By focusing on 19th and 20th century Vaggeyakaras, 14th edition of Natyarangam’s annual festival has uncovered composers, whose works hitherto unexplored for Bharatanatyam, reveal the potential for dance visualisation.
Vaggeyabharatam, the fourteenth consecutive thematic festival mounted by Natyarangam, the dance wing of Narada Gana Sabha Trust, reinforced the intertwined music/Bharatanatyam integrity, becoming a learning experience for choreographers, dancers and top guide musicians providing the foundational research base.
Not Natya Sangeet like Kathakali music, the traditional musical heritage of Bharatanatyam, while in the highest classical traditions, was largely conceived for the dance. By focusing on 19th and 20th century Vaggeyakaras, the festival incidentally uncovered composers, whose works hitherto unexplored for Bharatanatyam reveal the potential for dance visualisation.
Inaugurated by chief guest Vyjayantimala Bali after invocation by Nandini Anand, Alarmel Valli began with the Thanjavur Quartet, as the vaggeyakaras providing the base for the Bharatanatyam Margam. “Sami nine Korinaanu Raa” the Ragamalika varnam, (with recorded music due to unavoidable circumstances) sans a few sahitya passages “in the Pandanallur tradition with same korvais as taught to me by my Gurus Chokkalingam Pillai and Surbbaraya Pillai,” in the “Prema Meeraga Tanjapurivasa line” brought out the layered sringar, wonderment and devotion of the nayika for the Lord. The recorded version, in the typically Valli fast pace and zip, interspersed with long rhythmic sequences as common today, was different from the slow flowing nectar of olden day presentations with those arrestingly tight, short jatis appearing like flashes of brilliance after every interpretative passage.
Valli’s musicality was best seen in the delightfully communicative Javali “Mutta Vaddu Raa” depicting the enraged Khandita warding off advances by the two- timing lover, with Nandini Anand’s vocal support. The Tillana in Kanada was the finale.
Woven round the father/son Veena Kuppier and Tiruvotriyur Tyagayyar compositions with Suguna Varadachari as guide musician and Nandini Ramani helping with the choice of lyrics, Aishwarya Narayanaswamy’s entrance with Pushpanjali in Valaji, Adi talam was dazzling. Composed primarily for singing, the Dhanyasi “Kaapadu Gananatha” and Kalyani homage to Saraswati were translated into stunning visual images in Guru Anita Guha’s choreography, strikingly rendered by the dancer whose height with an immaculate araimandi and clarity in full stretches gives movement an expansive quality.
The Tana Varnam in Kedaragowla, depicting the devotee’s adoration for Tyagesa in procession, with details of the ‘Ajapa Nadanam,’ with that extra throb imparted by the subtly articulated heaving torso of the dancer, with the jatis contrasting softness with assertive quality at cardinal points with articulated rhythmic syllables against moments held in frozen stillness, was a triumph in concept and execution. After Veena Kuppier’s Nadanamakriya lyric, the Surati “Paradevi Amba” with Devi as graceful “madanajagamanu” and powerful “Mahishasuramardini,” while well rendered, dragged the programme. The Devi lulled to sleep in “JoJo’’ (Kedaragowla) made for an apt finish.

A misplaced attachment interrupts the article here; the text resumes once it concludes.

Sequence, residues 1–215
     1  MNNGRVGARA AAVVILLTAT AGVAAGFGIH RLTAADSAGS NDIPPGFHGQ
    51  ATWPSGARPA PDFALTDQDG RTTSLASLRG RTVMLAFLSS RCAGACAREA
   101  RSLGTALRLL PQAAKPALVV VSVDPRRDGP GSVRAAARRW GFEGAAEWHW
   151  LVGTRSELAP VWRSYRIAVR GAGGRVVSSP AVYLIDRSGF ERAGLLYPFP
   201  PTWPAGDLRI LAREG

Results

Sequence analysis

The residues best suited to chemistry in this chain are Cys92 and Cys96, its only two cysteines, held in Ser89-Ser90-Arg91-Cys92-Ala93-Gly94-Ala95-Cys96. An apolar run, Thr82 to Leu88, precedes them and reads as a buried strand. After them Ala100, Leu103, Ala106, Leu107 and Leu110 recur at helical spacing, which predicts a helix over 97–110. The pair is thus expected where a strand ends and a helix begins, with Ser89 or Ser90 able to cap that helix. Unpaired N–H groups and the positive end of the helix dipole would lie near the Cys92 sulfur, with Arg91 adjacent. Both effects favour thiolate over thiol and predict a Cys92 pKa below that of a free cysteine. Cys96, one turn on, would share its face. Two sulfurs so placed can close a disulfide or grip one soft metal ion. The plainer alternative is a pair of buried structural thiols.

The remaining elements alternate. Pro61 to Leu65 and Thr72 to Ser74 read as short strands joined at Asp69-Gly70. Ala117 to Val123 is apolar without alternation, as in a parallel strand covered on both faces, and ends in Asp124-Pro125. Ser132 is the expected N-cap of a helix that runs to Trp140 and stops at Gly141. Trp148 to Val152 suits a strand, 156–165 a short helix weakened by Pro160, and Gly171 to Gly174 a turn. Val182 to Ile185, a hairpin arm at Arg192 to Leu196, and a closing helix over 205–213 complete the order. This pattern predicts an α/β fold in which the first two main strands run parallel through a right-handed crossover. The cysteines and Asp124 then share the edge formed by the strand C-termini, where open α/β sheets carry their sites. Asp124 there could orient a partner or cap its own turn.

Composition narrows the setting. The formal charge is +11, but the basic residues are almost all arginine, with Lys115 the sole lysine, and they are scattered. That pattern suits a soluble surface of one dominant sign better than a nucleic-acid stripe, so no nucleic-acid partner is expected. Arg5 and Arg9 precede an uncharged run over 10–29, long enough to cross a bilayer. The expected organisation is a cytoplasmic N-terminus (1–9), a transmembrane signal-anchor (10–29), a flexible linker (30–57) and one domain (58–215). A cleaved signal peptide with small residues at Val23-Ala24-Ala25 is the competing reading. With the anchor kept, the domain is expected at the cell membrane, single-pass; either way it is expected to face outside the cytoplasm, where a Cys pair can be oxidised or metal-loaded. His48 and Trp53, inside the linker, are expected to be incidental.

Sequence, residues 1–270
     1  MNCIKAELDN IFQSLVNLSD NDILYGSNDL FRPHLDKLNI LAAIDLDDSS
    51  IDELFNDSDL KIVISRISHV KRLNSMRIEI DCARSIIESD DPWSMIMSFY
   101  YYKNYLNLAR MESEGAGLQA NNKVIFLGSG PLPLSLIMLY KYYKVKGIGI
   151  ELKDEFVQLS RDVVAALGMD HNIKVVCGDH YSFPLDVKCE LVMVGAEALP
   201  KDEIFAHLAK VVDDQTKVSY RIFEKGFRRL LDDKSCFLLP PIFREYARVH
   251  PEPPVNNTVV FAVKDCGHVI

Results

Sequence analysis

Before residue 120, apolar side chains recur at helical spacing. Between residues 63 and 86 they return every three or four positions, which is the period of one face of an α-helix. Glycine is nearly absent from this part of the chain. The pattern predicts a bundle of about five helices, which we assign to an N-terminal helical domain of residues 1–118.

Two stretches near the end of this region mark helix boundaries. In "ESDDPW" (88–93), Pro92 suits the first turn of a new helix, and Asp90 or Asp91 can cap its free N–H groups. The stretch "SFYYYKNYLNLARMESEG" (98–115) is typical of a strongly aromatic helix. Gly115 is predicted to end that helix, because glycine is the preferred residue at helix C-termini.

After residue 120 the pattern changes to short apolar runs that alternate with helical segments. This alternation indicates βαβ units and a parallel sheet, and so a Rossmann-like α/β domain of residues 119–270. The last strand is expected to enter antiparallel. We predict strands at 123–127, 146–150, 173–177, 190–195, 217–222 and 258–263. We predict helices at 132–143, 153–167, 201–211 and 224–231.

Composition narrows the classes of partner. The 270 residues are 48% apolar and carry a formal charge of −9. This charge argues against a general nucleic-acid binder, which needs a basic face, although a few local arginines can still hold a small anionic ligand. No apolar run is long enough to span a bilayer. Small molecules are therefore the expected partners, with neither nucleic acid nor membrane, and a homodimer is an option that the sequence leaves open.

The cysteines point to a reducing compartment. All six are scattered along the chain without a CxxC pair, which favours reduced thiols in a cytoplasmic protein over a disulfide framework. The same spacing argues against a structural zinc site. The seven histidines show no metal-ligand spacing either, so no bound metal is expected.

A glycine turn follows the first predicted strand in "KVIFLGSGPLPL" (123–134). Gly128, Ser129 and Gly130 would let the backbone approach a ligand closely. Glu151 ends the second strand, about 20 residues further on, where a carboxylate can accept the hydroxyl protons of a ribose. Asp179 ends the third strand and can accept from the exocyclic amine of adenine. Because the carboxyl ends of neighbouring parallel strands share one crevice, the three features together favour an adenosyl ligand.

I am most sad that much of the audience had left before the a scholarly recital based on compositions by the 19th century Maha Vaidyanatha Sivan and Ramaswami Sivan, with much substance and little flashy hype by Manjari Rajendrakumar who had R. Vedavalli as guide musician. With Hariprasad’s involved singing and Sheejith Krishna for Nattuvangam, Ramesh Babu (mridangam) Anantanarayan (veena) and Kalaiarasan (violin) here was classical depth at its best. Totally within the grammar of Bharatanatyam adavus and the Kalakshetra discipline (imbibed from father Chandrasekhar) Manjari at no stage tried gimmicks to impress. The Abhogi Vaidyanatha Sivan “Sarada Deviye nee charanam sharanam” praying for grace was followed by the Khambodi varnam “Panchajakshi.” The sakhi pleading with the Lord, the cause of the nayika wasting away in longing, with the final appeal to his compassion had the same, quiet, underplayed expression. The Vachaspati “Veru Tunai Kaanene” had the Markandeya episode as part of dance narration.
The most painstakingly researched finale based on the fifth part of Sivan’s marathon composition in 72 melakartha ragas “Pranatati Hare Prabhu Murare” in ragas Sri, Manaranjini, Charukesi, Sarasangi, Harikhambodi, Sankarabharanam and Naganandini had nritta punctuations by the dancer whose episodic treatment was based on the Siva myth. Music and dance were of a high order. Kudos to Manjari!